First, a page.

Culver’s Unique Approach to Labor and Staffing
CT: As payroll costs increase, what steps has Culver’s taken to manage labor more efficiently, while ensuring you have adequate staffing levels for every shift?
DF: At Culver's, our approach to labor is a little bit different than the norm.
We schedule our staff based on checks or on people, instead of sales. This is a model that we've had now for about eight to ten years, and it eliminates pricing [differences] out of our scheduling. This has really helped us, especially during the pandemic.
And now, as we have increased prices, it shouldn't mean that I need more people to do the same amount of work — it just means my prices are higher.
Here’s an example. Let’s say I'm restaurant A and I make 100 turtle sundaes. Then, I’ve got restaurant B which also makes 100 turtle sundaes in that same hour. The labor should be the same regardless [of the price], because it's the same amount of product being made, and it should take the same amount of labor to do it.
By scheduling our staff on checks instead of sales, and making our staffing templates that way, we take the pricing out of it, and it just makes it fair across the board.
Then, you can measure productivity better as well. You can staff by checks per man hour versus sales per man hour. With our staffing level templates driven by checks, it just makes it more strategic.
When it comes to our labor technology, we’re using Crunchtime’s Teamworx system which is just amazing. We can digitally onboard team members with Teamworx and give team members everything they need at their fingertips 24/7 — their schedules, time off requests, all of that.
All of this has really made the process much slicker as well.
How Culver’s Modernized Its Training Program
CT: How have you adjusted Culver’s orientation and initial training approach to support the accelerated hiring that’s happening today?
DF: Everyone in the industry knows that gone are the days of sitting someone down in front of a video and training materials for hours and hours on end. People can't stomach that anymore, it's no longer effective.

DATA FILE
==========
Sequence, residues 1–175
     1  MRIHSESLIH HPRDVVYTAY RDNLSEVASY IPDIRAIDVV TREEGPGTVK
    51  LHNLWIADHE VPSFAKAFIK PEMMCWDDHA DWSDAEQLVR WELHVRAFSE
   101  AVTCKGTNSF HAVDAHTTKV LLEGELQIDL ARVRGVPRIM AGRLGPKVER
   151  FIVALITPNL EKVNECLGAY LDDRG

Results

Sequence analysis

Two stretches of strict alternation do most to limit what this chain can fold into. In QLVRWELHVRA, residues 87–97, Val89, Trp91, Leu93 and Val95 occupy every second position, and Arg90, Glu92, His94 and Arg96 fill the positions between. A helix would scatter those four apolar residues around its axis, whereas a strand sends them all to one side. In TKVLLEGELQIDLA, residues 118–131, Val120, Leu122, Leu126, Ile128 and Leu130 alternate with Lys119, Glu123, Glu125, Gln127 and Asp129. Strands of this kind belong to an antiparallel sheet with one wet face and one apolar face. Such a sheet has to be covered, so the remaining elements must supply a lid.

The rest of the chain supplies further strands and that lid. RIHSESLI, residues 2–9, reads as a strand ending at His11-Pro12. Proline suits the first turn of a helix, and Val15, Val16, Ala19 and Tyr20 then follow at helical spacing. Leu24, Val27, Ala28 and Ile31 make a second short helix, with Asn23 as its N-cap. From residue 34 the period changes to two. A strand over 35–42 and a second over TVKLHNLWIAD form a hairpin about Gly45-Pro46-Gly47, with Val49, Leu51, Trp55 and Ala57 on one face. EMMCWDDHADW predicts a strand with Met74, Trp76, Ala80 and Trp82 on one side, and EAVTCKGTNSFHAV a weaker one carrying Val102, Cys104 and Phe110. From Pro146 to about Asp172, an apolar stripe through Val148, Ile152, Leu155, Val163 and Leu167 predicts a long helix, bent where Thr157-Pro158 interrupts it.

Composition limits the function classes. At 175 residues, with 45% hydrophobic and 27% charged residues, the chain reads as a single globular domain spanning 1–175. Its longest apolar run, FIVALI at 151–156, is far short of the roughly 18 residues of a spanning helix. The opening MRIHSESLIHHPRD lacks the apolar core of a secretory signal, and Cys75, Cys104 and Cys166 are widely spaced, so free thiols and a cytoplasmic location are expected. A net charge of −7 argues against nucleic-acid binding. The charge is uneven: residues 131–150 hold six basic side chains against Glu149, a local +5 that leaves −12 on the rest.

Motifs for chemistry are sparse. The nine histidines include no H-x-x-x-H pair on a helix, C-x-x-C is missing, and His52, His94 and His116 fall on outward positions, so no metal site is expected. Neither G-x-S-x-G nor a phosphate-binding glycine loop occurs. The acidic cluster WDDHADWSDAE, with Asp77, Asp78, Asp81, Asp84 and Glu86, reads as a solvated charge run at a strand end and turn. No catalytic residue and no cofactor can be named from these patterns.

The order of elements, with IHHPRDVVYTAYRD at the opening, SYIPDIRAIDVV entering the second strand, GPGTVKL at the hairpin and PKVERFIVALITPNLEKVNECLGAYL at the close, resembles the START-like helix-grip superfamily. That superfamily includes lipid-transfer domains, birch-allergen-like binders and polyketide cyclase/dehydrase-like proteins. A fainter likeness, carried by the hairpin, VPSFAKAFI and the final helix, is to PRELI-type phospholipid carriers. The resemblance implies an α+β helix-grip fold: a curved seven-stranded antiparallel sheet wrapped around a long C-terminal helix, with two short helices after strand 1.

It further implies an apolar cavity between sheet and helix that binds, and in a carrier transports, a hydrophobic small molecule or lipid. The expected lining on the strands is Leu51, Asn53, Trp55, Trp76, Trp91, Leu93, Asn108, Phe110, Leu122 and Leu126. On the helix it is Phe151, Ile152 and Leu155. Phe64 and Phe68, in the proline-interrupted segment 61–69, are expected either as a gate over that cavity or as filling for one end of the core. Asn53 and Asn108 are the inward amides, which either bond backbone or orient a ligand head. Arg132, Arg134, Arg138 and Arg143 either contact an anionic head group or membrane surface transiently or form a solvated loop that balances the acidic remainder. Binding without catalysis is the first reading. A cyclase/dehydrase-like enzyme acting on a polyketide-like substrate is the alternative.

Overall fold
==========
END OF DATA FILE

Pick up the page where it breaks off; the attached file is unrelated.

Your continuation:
People need more bite-sized chunks of information that they can grab onto right away. And then obviously we need them on the floor quicker, so the speed of getting people on the floor has dramatically improved as well.
We first started using Crunchtime’s TalentLink platform back in 2006 and then we rolled it out to our system in 2007. We started with a few modules that were just short of an hour, like 55 minutes, and they were brutal to watch.
Over the years, we've realized that content must be bite-sized — we have to do less with more. We need more pictures and fewer words. The learners of today are an on-demand generation, so we need more on-demand learning, and it has to be quick. Now, our one-hour videos are less than 20 minutes and they're jam-packed with information. Before deploying TalentLink, it took around 10 reps for someone to learn how to work the register. Now we’ve been able to cut our training time literally in half, so obviously you can see the value of a learning management system.
The Evolving Role of Data and AI in Operations
CT: Right now, we're relying on humans to turn ops data into action. So how do you take that data and level up to meet future challenges?
DF: The first word that comes to mind is balance. We still need people, and there are positions that really can't be automated. But we also need the balance of making sure that technology is being utilized, so it's a little bit of both.
A good balance to me would be providing good consistency in the quality of food that we serve and using technology to maintain the quality of product that guests expect. But you don't want to lose touch with the guests either. AI is good, but a computer can't welcome a guest in the same way that an actual team member can.
Watch the full webinar here.